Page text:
Antisense Therapeutic Laboratory

The focus of our research is to exploit antisense technology for the development of therapeutics for neurodegenerative diseases.

Our current aims are the development of gene-specific antisense therapy for spinal muscular atrophy (SMA) and amyotrophic lateral sclerosis (ALS). These are diseases of motor neuron degeneration in the brain and spinal cord leading to paralysis of voluntary muscles and death by respiratory failure. While SMA primarily affects infants and children, the average age of onset for ALS is around 55.

SMA is caused by deletion of the survival motor neuron 1 (SMN1) gene that results in a deficiency of survival motor neuron (SMN) protein in the spinal motor neurons leading to their selective loss. Humans have a second, nearly identical copy of this gene, SMN2. In the absence of SMN1, SMN2 cannot protect from disease development. This is due to a C-to-T mutation within exon-7 that leads to the exclusion of exon-7 in the majority (>90%) of SMN2 transcripts. This, in turn, leads to the production of a truncated, unstable SMN protein that is rapidly degraded. The remaining SMN2 transcripts that produce full-length functional SMN protein are insufficient to compensate for the loss of SMN1. We have been using antisense oligonucleotides (ASO) to correct SMN2 aberrant splicing and restore functional SMN protein.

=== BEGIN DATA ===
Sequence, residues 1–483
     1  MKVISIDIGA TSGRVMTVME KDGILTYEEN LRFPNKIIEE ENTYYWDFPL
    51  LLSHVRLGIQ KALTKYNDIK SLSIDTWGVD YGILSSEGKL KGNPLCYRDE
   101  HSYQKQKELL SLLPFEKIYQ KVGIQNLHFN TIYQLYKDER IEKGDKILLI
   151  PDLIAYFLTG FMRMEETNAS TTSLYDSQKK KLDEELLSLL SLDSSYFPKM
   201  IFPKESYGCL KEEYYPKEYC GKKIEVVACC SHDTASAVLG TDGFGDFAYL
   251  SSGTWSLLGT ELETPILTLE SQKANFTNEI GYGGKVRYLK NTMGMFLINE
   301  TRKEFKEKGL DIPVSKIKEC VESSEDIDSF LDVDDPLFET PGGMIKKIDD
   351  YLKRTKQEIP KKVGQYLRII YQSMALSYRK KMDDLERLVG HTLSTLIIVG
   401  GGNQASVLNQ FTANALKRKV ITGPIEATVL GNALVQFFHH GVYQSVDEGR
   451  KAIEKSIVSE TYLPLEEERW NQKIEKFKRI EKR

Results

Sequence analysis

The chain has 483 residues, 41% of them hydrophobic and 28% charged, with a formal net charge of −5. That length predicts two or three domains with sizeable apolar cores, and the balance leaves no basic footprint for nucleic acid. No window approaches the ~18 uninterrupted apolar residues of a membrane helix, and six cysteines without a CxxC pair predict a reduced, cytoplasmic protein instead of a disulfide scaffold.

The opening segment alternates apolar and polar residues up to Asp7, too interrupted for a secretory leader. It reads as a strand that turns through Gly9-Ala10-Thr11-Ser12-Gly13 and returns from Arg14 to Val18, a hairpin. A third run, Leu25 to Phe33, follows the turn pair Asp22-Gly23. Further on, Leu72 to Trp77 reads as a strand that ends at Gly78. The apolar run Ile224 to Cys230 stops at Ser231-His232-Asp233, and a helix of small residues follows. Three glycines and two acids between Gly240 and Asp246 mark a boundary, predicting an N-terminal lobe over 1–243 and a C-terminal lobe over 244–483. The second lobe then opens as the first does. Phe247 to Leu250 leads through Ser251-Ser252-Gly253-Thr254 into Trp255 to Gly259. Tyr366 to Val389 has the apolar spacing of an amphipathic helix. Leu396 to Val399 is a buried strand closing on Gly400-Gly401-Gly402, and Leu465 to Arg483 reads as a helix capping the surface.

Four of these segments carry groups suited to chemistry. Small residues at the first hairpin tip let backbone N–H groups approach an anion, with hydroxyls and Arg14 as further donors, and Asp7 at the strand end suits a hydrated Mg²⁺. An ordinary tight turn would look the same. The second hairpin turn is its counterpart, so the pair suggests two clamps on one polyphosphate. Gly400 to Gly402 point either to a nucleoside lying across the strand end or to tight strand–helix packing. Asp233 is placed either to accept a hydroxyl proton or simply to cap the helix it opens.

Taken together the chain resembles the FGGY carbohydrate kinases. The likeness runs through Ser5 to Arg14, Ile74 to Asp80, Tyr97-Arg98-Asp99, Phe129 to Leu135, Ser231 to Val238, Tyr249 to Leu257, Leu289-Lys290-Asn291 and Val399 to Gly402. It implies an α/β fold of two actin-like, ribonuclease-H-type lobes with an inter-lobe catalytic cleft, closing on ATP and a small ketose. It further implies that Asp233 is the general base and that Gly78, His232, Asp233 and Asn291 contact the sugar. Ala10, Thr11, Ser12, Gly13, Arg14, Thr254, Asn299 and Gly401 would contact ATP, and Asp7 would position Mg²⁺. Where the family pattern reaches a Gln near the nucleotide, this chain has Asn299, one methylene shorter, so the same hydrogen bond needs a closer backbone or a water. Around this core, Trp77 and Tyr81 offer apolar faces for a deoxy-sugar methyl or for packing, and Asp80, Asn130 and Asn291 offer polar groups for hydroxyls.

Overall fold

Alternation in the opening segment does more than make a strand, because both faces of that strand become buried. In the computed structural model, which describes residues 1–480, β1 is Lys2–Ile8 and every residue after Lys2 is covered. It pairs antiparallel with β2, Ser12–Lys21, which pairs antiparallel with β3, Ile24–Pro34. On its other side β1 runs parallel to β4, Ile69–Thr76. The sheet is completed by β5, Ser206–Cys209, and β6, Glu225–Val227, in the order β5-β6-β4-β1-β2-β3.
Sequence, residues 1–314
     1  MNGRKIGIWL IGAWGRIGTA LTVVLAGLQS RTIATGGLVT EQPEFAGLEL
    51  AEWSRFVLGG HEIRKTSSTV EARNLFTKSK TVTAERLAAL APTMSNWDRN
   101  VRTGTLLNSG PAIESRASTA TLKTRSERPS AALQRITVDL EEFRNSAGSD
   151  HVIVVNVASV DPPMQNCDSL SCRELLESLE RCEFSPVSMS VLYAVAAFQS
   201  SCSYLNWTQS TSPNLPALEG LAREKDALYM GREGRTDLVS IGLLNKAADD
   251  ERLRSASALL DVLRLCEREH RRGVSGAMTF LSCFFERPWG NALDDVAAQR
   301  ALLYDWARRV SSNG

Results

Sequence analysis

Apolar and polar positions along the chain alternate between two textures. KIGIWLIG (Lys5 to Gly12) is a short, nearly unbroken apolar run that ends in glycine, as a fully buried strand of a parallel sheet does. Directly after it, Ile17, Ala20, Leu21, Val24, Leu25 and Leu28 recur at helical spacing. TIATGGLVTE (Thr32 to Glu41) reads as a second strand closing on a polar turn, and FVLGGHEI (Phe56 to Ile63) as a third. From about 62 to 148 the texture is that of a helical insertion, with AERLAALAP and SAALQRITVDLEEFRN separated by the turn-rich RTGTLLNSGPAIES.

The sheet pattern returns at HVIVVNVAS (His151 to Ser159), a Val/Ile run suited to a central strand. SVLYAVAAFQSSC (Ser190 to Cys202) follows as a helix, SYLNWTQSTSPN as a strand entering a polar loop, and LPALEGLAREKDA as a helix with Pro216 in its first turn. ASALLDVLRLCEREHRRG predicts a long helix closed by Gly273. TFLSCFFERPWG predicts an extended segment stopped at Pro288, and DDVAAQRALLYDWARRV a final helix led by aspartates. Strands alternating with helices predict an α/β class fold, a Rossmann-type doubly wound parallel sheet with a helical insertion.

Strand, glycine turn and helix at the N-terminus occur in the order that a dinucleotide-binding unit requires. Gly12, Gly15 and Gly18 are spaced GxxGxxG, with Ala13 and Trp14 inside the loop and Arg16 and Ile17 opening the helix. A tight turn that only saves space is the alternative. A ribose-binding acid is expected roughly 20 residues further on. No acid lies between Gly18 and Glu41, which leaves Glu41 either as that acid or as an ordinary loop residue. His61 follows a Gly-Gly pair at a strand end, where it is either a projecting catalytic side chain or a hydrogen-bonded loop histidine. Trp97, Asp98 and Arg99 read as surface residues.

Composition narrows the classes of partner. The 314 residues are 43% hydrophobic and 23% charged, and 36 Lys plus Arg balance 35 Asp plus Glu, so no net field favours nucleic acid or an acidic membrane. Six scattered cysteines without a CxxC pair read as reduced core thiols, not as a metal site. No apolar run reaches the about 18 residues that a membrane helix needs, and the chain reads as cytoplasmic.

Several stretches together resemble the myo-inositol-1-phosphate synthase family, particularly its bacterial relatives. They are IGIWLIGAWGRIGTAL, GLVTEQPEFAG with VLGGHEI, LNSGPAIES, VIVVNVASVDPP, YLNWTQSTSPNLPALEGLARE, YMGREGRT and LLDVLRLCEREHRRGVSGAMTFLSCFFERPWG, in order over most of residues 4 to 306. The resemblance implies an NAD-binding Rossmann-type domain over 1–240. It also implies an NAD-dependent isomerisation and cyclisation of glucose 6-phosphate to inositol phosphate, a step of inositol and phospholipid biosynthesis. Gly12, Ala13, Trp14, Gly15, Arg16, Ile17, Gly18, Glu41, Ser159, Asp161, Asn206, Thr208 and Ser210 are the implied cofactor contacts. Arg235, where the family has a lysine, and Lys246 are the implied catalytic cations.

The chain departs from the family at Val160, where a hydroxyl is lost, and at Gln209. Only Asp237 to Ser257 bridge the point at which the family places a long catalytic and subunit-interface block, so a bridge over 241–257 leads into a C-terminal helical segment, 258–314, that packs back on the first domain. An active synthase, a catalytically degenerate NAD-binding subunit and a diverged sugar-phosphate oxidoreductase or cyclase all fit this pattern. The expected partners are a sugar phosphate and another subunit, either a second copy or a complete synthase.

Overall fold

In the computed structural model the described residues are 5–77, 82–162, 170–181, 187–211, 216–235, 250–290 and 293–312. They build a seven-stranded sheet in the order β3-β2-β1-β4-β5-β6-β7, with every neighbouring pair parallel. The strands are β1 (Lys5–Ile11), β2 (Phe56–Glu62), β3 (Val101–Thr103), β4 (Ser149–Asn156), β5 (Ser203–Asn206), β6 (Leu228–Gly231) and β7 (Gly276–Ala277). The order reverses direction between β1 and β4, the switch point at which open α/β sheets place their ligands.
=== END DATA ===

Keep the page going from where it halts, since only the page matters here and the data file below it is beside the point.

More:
ALS is a fatal neuronal disorder that is caused by the progressive dysfunction and death of motor neurons in the brain and spinal cord. The majority of ALS cases are sporadic (90%) with the remaining 5-10% being familial. Mutations in a variety of genes have been implicated in familial ALS. The RNAs from these genes and their protein products have been shown to cause motor neuron toxicity and death. Currently, we are developing ASOs tailored towards some of the most common ALS-causing genes such chromosome 9 open reading frame 72 (C9orf72), superoxide dismutase 1 (SOD1) and ataxin-2.  

In order to unlock the therapeutic potential of the ASOs for these devastating lethal diseases, they need to reach their neuronal targets in the central nervous system (CNS). Therefore, an integral component of our research that is focused on ASOs will also be development of a peptide-based delivery platform for systemic CNS delivery of these novel biotherapeutics.

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